The “Life Begins at 50” Revolution

BY NANCY HALA

On my birthday in January I did something I haven’t done since I was a teenager: I went skiing. I drove to Mammoth, California with my brand-new ski outfit and swooshed down the mountain with my instructor Catherine, who had long, slivery white hair and could ski backwards and talk at the same time. I was amazed.

Women today in their 50s and beyond are the healthiest, wealthiest and most active generation of females in history. We are making money, spending money, and looking for new ways to engage in the world around us. So why are we widely ignored? I’m 53 and it feels like I’ve entered a demographic no one notices. The cultural dialogue isn’t directed my way, and commerce barely knows I’m alive. The only marketing group who is super persistent with me is AARP. They keep sending me an ID card that I’m scared to accept. Will it make me old?

It seems like most companies think that women in their 50s are done. That once the kids leave for college, we’re supposed to skip the next decade and turn into grandmas, or become someone who moves to the sidelines and thinks about retiring as she putters around her so-called empty nest. Men can be dynamic all the way into their 90s, but women over 50 should take the cue and have a seat, right?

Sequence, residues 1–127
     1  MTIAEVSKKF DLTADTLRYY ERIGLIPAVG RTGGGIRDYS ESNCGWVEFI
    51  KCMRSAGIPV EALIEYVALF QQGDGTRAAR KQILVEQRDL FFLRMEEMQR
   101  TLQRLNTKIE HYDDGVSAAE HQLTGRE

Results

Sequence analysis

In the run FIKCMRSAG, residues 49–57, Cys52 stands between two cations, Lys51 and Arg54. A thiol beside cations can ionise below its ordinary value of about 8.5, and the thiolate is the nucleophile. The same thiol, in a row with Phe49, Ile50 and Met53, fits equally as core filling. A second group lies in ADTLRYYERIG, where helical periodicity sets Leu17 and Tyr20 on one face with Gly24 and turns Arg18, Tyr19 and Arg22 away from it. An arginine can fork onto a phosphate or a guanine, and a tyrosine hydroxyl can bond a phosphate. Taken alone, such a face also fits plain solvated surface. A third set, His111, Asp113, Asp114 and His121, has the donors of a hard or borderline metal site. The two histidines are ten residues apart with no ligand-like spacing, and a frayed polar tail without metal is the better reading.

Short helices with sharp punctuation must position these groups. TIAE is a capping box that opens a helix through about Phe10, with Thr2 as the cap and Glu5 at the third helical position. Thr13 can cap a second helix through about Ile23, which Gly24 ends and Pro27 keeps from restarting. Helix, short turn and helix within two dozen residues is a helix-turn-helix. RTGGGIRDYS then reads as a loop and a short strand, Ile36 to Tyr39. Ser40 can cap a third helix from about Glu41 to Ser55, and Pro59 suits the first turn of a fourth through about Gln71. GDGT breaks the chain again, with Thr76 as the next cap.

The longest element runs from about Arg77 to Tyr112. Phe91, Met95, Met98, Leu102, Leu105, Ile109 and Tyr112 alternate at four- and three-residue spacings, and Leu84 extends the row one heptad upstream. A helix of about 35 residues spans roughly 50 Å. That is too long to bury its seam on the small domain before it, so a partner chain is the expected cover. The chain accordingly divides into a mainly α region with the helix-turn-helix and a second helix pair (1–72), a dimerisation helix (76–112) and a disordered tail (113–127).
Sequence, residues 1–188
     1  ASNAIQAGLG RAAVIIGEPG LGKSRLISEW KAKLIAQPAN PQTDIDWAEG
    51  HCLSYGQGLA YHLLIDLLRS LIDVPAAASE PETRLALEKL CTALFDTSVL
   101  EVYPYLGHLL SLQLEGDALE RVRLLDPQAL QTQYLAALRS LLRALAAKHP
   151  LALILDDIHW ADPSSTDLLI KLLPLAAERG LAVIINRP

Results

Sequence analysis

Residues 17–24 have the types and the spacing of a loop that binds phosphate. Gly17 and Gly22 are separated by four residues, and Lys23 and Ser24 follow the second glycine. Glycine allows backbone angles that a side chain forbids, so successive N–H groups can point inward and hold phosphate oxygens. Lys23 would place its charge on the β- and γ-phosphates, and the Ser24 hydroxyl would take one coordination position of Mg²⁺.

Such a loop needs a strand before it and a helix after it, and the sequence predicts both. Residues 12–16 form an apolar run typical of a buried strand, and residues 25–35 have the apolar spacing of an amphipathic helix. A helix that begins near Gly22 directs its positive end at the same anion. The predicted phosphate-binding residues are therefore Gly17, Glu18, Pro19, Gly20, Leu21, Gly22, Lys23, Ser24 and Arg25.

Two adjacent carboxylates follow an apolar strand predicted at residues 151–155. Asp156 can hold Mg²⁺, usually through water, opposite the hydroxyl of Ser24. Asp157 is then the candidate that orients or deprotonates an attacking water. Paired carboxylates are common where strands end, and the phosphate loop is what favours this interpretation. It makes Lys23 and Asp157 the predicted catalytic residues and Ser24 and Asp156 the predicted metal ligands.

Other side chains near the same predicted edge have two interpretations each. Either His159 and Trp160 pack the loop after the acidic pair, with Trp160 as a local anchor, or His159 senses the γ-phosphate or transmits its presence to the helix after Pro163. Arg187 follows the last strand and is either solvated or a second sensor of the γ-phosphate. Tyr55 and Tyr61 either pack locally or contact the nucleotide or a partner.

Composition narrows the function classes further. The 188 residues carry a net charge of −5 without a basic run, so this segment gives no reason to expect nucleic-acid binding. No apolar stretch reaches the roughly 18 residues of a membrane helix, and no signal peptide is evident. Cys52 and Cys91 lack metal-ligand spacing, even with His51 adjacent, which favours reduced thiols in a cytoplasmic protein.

The irony is, this is exactly when people should be talking to me. I’m saying there’s a Life Begins at 50 revolution in the air because now, more than ever, I’m paying attention. I’m ready to be spoken to like I matter; like I have a point of view on things I care about; like I’m invested in my own happiness and health; like I’m eager to learn new things and try new adventures; like I plan to have all of the things I want (not just some of them).

Most women instinctively know we’re divided into three camps: those who have raised children, those who have had careers, and those who have done both. But there are magical, superpower threads that encircle all three of those groups. Having the strength, patience, and sheer love to be a mother; having the singlemindedness, determination, and insight to be a female leader; having the endurance, grace, and spirit to accomplish both. These are the qualities I see in women all around me. These are the things that keep us vital, young, and above all else, relevant.

On my birthday ski trip, I saw in Catherine what a woman in her 50s looks like—strong and skilled; confident and irreverent. A woman who every day rides up a mountain and glides back down like nothing in the world can stop her.

Those are the women I want to talk to. That’s the woman I want to be.

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NANCY HALA

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